Purpose: Family dinner is a proxy of family connectedness that may affect mental health. The present study aimed to examine the associations of frequency of family dinner with mental disorders and obesity in a nationally-representative sample of Iranian adolescents.
Methods: A total of 5528 Iranians adolescents aged 10-18 years were enrolled in 2009-2010 in the third survey of a national surveillance program, entitled Childhood and Adolescence Surveillance and Prevention of Adult Non-communicable disease (CASPIAN-III) study. The frequency of family dinner meal was assessed. Mental health assessments were done as part of the World Health Organization-Global School-based Student Health Survey. The odds of having mental disorders and obesity were assessed by logistic regression.
Results: No significant difference was found in dietary intake between family dinner consumers (≥5 times (night)/wk) and skippers (<5 times/wk); however, they were more likely to consume breakfast and had higher meal frequency. After controlling for some confounders, dinner consumers had lower odds for all types of mental disorders (OR = 0.55; 95% CI = 0.47-0.64), anxiety (OR = 0.47; 95% CI = 0.4-0.54), insomnia (OR = 0.6; 95% CI = 0.53-0.7), and confusion (OR = 0.7; 95% CI = 0.6-0.86), as well as the body mass index- z score (OR = 0.78; 95% CI = 0.73-0.84).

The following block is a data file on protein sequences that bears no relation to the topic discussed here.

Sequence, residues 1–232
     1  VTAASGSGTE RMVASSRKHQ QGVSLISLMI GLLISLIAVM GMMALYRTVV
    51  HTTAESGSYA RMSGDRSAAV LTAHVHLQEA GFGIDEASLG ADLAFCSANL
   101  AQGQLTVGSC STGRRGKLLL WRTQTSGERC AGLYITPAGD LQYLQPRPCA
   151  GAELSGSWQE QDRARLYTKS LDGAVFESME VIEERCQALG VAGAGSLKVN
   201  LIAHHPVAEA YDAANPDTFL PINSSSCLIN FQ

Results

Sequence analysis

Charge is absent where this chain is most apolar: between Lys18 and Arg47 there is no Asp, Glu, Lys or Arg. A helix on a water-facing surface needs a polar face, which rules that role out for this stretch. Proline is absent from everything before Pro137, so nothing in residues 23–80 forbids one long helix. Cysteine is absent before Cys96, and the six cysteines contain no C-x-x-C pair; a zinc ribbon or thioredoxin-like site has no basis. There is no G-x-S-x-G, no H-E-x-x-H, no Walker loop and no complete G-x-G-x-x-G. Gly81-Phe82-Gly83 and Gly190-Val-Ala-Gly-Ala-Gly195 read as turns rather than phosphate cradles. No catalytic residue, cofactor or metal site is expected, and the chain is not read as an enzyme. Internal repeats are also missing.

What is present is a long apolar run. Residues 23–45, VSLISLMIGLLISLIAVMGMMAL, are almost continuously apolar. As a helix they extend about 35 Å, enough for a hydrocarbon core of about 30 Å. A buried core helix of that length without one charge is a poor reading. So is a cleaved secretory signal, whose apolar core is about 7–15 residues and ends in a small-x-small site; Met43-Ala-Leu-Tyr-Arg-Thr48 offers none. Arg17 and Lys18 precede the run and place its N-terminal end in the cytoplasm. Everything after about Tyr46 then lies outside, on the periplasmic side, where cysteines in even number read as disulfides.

Conclusion: The current study showed an inverse relationship between the frequency of family dinner consuming and mental disorders and obesity in a nationally-representative sample of Iranian adolescents. Such simple recommendations for consuming family dinner for families may be feasible, sustainable, and effective for health promotion and disease prevention.